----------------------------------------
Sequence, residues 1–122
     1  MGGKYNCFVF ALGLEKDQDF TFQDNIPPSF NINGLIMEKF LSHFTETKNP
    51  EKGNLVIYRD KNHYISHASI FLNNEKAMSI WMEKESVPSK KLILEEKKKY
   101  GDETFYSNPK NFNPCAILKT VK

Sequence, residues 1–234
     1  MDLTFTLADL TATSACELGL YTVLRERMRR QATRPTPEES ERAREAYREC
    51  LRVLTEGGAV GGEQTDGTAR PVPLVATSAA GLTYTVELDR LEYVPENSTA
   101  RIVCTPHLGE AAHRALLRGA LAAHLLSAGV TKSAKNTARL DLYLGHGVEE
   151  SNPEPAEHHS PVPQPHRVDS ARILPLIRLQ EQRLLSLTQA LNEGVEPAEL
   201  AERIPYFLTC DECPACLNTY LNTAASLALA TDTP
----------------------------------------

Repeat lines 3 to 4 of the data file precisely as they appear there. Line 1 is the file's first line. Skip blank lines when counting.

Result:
    51  EKGNLVIYRD KNHYISHASI FLNNEKAMSI WMEKESVPSK KLILEEKKKY
   101  GDETFYSNPK NFNPCAILKT VK